CS are commonly performed on women who arrive at the hospital following prolonged obstructed labor and fetal demise, and account for almost 40% of urogenital fistula. Obstetric providers should assess maternal status upon arrival to prevent unnecessary CS and identify women at risk of developing a fistula.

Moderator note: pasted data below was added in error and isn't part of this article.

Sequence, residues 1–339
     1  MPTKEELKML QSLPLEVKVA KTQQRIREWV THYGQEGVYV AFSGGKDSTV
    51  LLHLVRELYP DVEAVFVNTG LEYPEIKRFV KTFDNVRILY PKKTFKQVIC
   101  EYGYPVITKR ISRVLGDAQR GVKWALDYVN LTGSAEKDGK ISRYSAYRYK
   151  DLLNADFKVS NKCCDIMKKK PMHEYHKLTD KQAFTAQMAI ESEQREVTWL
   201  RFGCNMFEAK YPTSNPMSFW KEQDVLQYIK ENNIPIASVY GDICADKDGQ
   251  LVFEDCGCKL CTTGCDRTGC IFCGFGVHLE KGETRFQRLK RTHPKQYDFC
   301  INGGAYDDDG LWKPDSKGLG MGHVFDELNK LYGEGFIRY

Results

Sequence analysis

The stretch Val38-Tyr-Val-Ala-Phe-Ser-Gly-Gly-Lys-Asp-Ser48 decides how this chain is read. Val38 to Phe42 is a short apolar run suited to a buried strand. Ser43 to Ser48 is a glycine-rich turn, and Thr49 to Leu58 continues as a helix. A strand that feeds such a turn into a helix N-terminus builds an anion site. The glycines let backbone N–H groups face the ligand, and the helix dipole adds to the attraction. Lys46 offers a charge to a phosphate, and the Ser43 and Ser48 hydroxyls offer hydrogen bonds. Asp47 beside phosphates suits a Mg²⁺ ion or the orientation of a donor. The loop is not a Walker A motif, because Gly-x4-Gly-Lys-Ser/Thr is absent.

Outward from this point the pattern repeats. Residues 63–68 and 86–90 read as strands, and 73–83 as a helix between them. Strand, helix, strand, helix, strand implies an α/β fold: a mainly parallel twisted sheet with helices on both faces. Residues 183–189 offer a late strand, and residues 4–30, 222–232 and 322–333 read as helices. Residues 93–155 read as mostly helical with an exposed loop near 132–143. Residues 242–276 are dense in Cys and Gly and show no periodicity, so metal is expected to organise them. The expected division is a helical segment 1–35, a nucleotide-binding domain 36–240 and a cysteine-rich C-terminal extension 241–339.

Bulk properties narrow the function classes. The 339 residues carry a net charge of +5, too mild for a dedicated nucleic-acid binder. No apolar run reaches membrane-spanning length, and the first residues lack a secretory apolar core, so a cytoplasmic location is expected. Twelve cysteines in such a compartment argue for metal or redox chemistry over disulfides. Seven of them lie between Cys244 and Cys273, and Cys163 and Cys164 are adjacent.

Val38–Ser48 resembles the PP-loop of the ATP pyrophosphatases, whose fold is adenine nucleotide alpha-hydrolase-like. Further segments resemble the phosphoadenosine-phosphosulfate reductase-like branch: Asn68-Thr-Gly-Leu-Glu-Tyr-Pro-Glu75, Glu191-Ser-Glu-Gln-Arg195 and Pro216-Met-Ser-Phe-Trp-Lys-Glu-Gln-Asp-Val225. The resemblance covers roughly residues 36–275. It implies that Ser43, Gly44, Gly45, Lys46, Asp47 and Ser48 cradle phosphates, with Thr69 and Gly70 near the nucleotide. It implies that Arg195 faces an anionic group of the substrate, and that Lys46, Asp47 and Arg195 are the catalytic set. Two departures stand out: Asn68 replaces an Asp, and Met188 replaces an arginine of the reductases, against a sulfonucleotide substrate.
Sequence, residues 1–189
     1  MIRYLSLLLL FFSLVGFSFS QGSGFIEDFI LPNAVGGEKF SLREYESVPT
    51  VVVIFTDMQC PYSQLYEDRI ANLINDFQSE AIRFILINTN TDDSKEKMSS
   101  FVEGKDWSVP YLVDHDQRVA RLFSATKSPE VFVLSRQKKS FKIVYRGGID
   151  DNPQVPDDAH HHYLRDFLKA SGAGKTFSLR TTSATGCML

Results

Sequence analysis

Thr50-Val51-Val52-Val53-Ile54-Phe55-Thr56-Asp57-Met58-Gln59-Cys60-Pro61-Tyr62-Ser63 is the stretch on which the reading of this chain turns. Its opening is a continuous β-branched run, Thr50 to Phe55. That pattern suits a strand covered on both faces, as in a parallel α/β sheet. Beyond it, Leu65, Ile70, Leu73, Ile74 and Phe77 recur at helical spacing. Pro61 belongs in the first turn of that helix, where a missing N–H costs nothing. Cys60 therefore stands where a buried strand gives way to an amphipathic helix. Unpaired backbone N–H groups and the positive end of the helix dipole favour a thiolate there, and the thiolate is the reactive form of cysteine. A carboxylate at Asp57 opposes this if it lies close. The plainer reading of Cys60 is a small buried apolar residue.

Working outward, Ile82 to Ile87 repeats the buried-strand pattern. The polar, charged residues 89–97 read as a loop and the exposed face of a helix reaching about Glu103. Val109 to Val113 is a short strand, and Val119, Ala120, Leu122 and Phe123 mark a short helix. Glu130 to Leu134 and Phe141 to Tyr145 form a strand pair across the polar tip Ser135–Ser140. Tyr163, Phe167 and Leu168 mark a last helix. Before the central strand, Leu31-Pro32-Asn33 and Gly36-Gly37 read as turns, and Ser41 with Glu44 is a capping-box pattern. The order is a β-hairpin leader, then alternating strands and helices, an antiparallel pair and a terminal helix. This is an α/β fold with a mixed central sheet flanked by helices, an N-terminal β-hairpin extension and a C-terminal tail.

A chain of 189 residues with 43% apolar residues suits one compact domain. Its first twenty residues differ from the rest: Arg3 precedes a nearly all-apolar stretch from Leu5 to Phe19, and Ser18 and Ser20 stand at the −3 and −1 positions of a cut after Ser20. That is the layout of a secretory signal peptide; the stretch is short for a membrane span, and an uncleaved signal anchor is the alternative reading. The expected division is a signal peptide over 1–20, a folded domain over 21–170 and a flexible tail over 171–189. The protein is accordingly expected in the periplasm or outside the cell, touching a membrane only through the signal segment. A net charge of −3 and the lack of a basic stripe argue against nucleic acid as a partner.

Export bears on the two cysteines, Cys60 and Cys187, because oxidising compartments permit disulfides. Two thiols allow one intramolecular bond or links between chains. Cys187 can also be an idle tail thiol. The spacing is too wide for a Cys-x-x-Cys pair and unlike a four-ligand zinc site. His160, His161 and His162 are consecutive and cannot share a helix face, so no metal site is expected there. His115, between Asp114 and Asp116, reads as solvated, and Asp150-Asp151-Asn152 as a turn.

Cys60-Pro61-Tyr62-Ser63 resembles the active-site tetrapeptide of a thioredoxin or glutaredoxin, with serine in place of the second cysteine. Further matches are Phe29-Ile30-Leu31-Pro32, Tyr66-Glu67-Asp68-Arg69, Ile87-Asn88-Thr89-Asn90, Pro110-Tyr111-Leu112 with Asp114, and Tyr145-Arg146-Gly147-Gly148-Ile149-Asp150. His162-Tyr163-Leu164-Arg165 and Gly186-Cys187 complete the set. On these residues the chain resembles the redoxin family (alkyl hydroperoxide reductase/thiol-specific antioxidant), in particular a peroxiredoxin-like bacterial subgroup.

An obstetric fistula is defined as an opening between the genital tract and bladder or rectum that results in chronic urinary or fecal leakage [1, 2]. Obstetric fistulas are estimated to affect between 50,000 to 100,000 women globally each year, with approximately 2 million women currently living with an obstetric fistula . Unfortunately, estimating the prevalence of obstetric fistulas in the Democratic Republic of the Congo (DRC) is challenging due to the majority of women living in remote areas, political instability, and lack of health infrastructure . With limited healthcare resources to repair obstetric fistula, women in these settings often experience chronic leakage leading to negative societal impacts including divorce, loss of income, and social isolation [1, 4]. As a result of the prevalence and negative impact of obstetric fistula on women in developing countries, the United Nations has called for the end of obstetric fistulas by 2030 as part of the Sustainable Development Goals .